Texas Parks & Wildlife Magazine   


May cover image

Courage and a Rope

Big Bend canyoneering provides high adventure for expert rock climbers.

By Russell Roe

Ky Harkey pointed to an unnamed canyon in one of the most remote corners of Big Bend National Park and said that was where we were going.

In the satellite map image, the canyon sliced a dark, jagged gash across the Mesa de Anguila on the westernmost edge of the park. The tall, narrow walls of the gorge blocked out any light, keeping hidden any mysteries inside.

The canyon was just another scar in the twisted, tortured geologic history of Big Bend, but it was the kind of deep, dark scar that we hoped would hold what we were after.

As a climber and a backpacker, I love exploring narrow canyons called slot canyons in places like southern Utah. I was hoping to find a similar kind of canyoneering experience in Texas, and Harkey said the canyon he was pointing to on the map required six rappels to get through it.

Sounded like good adventure to me.

Big Bend

Ky Harkey rappels a section of a canyon in Big Bend National Park.

Canyoneering is a method of traveling through canyons using techniques such as climbing and rappelling. A canyoneering adventure can be as simple as downclimbing a couple of short ledges or as involved as rappelling down hundred-foot waterfalls, climbing on slick, exposed rock and swimming through frigid waters.

What we found over the next few days in Big Bend were some beautiful and challenging slot canyons, incredible vistas, miles of rugged hiking and one long, unnerving rappel that took us literally to the end of our rope.

Our plan was to hike six miles to the top of the Mesa de Anguila and set up camp in an area near a water hole called Tinaja Blanca. We hoped to explore the Tinaja Blanca canyon the first day, attempt our destination canyon the second day and descend through a third canyon on our way out.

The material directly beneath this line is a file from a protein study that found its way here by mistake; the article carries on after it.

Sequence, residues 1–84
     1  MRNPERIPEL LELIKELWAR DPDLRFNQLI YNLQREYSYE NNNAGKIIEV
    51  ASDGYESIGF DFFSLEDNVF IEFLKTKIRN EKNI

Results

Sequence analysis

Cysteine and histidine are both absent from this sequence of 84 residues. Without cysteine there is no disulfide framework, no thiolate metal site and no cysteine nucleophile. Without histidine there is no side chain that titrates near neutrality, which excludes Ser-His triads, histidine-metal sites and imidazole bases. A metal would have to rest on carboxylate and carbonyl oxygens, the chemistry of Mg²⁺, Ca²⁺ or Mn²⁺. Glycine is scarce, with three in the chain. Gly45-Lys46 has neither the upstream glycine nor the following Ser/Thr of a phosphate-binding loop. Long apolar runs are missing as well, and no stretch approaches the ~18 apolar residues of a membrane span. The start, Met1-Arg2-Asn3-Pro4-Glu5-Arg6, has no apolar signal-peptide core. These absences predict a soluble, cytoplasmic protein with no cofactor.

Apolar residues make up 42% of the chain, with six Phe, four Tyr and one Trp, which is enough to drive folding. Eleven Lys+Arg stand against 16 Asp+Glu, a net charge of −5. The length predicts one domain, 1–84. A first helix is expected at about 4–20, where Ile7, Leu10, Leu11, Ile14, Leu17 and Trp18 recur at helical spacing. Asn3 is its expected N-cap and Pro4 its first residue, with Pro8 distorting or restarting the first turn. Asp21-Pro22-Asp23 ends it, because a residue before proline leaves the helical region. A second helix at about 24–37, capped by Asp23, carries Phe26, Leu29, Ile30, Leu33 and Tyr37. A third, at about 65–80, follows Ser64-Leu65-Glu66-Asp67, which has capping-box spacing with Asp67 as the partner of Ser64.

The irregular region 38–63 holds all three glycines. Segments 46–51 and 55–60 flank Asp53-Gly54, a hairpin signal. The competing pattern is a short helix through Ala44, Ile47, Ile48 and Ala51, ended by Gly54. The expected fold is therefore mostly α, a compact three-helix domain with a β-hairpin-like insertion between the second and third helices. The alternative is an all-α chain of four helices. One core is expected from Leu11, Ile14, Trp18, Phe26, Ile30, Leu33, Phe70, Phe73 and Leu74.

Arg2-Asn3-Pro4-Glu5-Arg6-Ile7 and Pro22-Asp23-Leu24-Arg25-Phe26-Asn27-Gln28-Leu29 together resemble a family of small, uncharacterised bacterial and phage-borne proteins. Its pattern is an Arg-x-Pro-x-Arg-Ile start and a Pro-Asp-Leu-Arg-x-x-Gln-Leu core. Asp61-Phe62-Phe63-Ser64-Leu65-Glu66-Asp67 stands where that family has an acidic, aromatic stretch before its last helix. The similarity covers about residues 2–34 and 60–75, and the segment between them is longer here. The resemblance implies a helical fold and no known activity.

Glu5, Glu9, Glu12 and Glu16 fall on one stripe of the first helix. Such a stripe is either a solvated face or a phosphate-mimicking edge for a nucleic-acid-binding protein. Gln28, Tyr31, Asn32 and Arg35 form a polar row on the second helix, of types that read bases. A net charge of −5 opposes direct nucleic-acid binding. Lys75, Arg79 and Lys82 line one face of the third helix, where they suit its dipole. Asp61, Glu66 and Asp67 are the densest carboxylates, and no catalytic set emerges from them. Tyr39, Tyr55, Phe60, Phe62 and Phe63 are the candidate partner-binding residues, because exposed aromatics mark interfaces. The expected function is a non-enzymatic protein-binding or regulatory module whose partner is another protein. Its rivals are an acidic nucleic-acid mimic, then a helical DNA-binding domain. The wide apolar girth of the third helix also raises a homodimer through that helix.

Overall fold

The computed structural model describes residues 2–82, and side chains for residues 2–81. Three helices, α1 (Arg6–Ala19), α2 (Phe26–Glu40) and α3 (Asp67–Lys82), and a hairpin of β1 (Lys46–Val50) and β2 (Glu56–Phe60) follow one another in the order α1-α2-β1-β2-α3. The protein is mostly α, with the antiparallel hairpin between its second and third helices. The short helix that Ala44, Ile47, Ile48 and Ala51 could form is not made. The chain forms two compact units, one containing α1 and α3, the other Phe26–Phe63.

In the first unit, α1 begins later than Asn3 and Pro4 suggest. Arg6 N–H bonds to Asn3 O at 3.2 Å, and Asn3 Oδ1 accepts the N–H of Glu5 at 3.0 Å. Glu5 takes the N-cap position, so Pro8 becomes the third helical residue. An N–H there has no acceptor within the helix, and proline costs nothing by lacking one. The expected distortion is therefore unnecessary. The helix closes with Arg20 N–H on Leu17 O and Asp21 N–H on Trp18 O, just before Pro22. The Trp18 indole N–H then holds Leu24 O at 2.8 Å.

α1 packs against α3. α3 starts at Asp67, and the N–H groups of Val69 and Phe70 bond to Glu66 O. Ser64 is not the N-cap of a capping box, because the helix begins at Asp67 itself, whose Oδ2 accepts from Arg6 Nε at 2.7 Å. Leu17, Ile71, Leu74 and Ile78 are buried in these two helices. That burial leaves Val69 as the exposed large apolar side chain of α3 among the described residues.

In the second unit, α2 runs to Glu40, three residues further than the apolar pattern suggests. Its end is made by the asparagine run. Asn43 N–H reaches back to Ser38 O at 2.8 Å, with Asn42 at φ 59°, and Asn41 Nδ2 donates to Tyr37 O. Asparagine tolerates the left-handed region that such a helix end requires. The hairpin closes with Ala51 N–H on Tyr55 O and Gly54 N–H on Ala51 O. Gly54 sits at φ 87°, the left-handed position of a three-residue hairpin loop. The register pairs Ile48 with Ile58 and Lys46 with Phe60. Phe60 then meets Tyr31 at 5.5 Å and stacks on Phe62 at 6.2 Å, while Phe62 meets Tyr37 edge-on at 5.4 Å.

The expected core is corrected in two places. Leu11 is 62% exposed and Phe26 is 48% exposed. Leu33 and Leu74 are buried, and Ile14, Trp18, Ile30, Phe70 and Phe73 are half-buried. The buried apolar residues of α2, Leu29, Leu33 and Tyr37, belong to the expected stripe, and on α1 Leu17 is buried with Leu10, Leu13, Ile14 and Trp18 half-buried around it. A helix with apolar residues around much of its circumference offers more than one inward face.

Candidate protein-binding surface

The Mesa de Anguila sits isolated from the rest of Big Bend National Park, on the far western edge and away from the main attractions of the Chisos Moun­tains. Most people know it as the formation that creates the U.S. side of the Rio Grande’s Santa Elena Canyon. The mesa’s limestone sets it apart geologically from the unstable volcanic rock found in most of the park. There’s no campground, and the one main trail going in and out from Lajitas means access is limited. Trails on the mesa can be overgrown and hard to follow. It’s the least-visited part of the national park. I was starting to realize, too, that the canyon we were planning to visit was probably one of the least-visited areas in the least-visited part of the park.

Backpackers on the mesa are encouraged to pack in all their water. Some backpackers take their chances on finding water in the mesa’s tinajas, or rock water holes, and if they don’t find any, they’ll cut their trip short and hike right back out.

It’s unforgiving desert terrain, but those willing to brave it will find solitude, rugged desert beauty and sweeping views into Mexico.

For our December trip, we had weather on our side. The forecast called for sunny skies with highs in the 60s and lows in the 40s. It doesn’t get any better than that for winter desert hiking. Plus, the forecast said there was a zero percent chance of rain.

“Zero percent chance of rain when you’re dropping into a slot canyon sounds pretty good,” said Harkey, who works for the Texas Parks and Wildlife Department’s state park education and outreach programs.

After setting up camp, we began our descent of the Tinaja Blanca canyon as a warm-up for our big canyon day the next day. It’s a fairly short canyon, and we figured it wouldn’t take more than an afternoon. One big worry, though, loomed over us as we entered the canyon. The only trip report we had seen on Tinaja Blanca said the final drop at the mouth of the canyon was 200 feet tall. The rope we brought for rappelling was, well, 180 feet. We figured we would make it to the final drop and assess the situation once we were there.

Big Bend

Starting the descent of the first canyon.

Harkey and I have been rock climbers for years, and we were confident that our climbing and rappelling experience gave us the grounding necessary to navigate the canyons we were facing. Our main challenge was going to be getting TPWD photographer Brandon Jakobeit, who had rappelled only once before during a practice session, safely through the canyons.